VSO Cambodia works in the areas of education, reproductive and child health, and secure livelihoods (forestry and fisheries). Although Cambodia is now enjoying peace after more than 30 years of conflict and political instability, it is still suffering from a greatly reduced number of qualified people in all areas of work (including nurses, doctors, teachers, lecturers and managers), and there is an enormous need to build up the human resource base of the country to achieve development.
Forty-three per cent of the population is under 15 years old, yet it is estimated that 10–15% of the population never enters a school, often because families living in extreme poverty need their child to miss school in order to earn money. The government is trying hard to promote ‘Education for All’ and while there have been rapid increases in enrolment there has been less investment in improving the quality of teacher training. Teachers are not equipped to cope with the large class sizes and are not trained in up-to-date teaching techniques, so drop-out rates are high as students become demotivated by poor schooling.
VSO volunteers who are experienced teachers and education managers are working at all levels within education, ranging from provincial teacher training colleges to district offices of education. These volunteers are improving methodologies and helping update management and planning practices among school directors, teacher trainers and district education officials.
Establishing links between training colleges and schools means that newly qualified teachers continue to be supported during the early years of their career. Placements at the Ministry of Education enable volunteers to influence policy and work on national agendas, such as updating the curriculum.
Reproductive and child health
There has been considerable progress made in Cambodia over the last decade to improve the health of the nation. However, continuing challenges include high maternal, neonatal, infant and under-five mortality rates, which remain amongst the worst in South-East Asia. Over the past 10 years, both infant and child mortality have steadily increased; infant and under-five deaths stand at 95 and 124 per 1,000 live births respectively, while 437 mothers in every 100,000 die in childbirth.
Many illnesses and deaths occur from conditions that are preventable and treatable. Continuation of unhealthy living practices stems largely from a lack of adequate water and sanitation, insufficient knowledge of home care and public health services, traditional beliefs and chronic poverty. Improvements in the public health sector services are largely under utilised due to the difficulty of access, cost, limited opening hours, poor staff attitudes and public mistrust.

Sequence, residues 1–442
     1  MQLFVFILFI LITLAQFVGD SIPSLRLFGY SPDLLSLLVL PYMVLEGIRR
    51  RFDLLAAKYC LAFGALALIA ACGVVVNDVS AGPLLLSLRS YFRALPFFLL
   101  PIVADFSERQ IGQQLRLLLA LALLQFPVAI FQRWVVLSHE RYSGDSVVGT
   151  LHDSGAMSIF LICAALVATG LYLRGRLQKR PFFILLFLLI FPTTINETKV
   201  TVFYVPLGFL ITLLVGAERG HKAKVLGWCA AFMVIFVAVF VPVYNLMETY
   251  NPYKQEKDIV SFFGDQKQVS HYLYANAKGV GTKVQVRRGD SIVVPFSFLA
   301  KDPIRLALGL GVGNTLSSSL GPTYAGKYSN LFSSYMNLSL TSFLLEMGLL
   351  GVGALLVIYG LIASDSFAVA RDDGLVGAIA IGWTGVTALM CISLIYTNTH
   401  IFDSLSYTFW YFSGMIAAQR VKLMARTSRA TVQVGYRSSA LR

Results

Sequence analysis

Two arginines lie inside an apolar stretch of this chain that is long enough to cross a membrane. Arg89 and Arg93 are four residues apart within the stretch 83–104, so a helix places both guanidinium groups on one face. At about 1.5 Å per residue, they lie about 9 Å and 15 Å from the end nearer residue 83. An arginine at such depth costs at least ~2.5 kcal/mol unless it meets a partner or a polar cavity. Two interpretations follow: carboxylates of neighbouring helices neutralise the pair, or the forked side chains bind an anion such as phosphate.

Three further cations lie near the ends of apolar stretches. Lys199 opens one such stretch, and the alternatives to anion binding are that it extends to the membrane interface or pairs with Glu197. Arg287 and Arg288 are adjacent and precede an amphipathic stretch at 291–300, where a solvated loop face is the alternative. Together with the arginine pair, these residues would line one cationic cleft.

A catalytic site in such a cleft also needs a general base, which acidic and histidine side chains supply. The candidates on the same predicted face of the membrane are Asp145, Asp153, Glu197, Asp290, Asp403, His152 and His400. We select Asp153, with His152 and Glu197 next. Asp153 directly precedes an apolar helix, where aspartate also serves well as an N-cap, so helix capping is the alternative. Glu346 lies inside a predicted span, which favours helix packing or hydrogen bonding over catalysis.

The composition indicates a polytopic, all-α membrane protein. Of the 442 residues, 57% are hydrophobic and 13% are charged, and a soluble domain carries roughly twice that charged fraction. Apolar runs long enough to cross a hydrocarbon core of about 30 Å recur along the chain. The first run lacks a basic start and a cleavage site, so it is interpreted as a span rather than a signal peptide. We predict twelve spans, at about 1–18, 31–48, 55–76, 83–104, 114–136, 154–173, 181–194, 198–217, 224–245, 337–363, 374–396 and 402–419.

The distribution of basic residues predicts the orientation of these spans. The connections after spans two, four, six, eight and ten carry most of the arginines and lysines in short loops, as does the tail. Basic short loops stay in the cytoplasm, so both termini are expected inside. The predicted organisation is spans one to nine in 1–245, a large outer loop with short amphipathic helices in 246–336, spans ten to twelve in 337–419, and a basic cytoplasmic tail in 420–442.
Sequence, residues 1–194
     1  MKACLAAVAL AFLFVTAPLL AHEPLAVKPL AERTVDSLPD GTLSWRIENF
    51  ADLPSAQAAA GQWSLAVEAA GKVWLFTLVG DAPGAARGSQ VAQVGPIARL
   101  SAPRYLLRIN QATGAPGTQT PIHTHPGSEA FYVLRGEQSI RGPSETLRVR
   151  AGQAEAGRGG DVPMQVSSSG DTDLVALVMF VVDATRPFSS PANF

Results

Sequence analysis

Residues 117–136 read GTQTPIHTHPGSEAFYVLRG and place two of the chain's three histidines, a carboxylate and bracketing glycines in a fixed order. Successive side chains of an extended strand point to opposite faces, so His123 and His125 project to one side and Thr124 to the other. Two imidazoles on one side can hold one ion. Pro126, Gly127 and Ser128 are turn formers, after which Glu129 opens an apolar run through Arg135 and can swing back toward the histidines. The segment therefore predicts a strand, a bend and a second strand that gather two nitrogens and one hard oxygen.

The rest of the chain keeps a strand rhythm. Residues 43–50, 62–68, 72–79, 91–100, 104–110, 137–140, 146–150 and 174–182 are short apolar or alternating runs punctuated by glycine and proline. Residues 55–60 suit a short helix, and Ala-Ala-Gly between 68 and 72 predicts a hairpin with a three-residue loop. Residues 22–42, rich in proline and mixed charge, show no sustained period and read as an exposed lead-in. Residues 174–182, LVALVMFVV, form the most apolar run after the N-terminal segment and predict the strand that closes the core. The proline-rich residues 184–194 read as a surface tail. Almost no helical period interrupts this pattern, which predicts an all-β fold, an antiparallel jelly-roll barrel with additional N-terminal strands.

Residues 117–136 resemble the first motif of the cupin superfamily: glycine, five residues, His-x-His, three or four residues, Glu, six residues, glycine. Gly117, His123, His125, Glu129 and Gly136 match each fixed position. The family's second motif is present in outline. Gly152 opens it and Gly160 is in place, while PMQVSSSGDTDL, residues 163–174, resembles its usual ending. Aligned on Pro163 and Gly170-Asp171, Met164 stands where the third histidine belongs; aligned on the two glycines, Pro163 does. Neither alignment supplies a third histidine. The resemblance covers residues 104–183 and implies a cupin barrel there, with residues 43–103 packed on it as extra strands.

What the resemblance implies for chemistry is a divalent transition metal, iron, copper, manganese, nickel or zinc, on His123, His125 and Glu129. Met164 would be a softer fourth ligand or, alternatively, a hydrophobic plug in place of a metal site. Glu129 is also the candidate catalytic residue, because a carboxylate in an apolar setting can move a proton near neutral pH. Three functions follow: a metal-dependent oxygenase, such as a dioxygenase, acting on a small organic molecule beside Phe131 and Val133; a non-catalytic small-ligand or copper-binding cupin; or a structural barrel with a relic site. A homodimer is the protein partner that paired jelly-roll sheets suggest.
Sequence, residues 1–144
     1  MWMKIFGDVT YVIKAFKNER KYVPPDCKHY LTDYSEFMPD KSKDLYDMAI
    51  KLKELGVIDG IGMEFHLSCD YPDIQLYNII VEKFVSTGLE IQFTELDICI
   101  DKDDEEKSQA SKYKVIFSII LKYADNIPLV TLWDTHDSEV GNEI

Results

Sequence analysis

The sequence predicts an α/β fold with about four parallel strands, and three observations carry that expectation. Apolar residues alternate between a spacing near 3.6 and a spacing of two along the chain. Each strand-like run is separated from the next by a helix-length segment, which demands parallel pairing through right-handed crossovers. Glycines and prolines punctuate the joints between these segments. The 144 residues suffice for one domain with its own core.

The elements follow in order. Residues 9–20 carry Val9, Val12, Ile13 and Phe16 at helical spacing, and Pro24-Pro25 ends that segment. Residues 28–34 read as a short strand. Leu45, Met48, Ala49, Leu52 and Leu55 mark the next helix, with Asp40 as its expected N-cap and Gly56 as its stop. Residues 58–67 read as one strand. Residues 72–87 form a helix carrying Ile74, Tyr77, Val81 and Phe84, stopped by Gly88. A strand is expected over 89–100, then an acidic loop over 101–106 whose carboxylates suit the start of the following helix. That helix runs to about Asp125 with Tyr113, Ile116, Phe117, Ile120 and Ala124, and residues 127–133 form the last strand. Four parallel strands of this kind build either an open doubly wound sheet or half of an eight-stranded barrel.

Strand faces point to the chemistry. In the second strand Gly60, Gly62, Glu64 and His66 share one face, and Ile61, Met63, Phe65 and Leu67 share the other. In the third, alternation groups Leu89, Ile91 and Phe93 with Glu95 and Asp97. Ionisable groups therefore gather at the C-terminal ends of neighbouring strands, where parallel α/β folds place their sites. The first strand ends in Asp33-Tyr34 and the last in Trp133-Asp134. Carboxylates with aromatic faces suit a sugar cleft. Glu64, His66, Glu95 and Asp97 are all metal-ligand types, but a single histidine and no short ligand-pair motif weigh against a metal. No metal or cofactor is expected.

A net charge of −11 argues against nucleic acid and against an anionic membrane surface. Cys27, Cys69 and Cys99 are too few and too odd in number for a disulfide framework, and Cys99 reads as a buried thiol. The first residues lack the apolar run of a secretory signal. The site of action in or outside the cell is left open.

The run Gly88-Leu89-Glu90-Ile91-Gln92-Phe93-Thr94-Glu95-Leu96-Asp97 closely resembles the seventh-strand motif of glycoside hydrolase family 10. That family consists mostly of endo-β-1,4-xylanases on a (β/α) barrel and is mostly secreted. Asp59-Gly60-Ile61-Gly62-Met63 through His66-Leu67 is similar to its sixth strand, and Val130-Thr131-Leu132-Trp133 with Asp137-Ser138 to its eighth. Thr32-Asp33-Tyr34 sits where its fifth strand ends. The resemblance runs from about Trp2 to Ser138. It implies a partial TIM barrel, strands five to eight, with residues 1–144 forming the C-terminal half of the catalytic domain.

The public health sector, especially in rural areas, has poorly equipped facilities, insufficient trained staff and a weak referral system. Public health staff receive very low wages and the quality of clinical practice is low. VSO volunteers, with a variety of skills and from clinical and non-clinical backgrounds, are working in four provinces to increase the quality, range and uptake of reproductive, child health and nutrition services and the adoption of healthy living practices in the four provinces.
The 2008 Cambodian population census showed that the population has increased to 13.4 million and is growing annually by 1.54%. The increasing population is putting growing pressure on natural resources is also a considerable concern in terms of food insecurity. Also, although a 2004 survey indicates that poverty levels are falling, there is still a high incidence of rural poverty, particularly among people living in the Tonle Sap region.
VSO Cambodia’s livelihood programme is committed to supporting the improvement of food security of local communities dependent on fisheries and forestry resources through partnership with non-governmental organisations, community-based organisations and government institutions. The first phase of the secure livelihoods programme (2004–2009) has focused on promoting communities' access to, and control over, natural resources as means of supporting their livelihoods. In its second phase the VSO’s secure livelihoods programme will build on its successes by focusing on the promotion of food production, food processing, marketing and other aspects of business orientation with partners.
Get in touch with VSO Cambodia at:
PO Box 912, Phnom Penh, Cambodia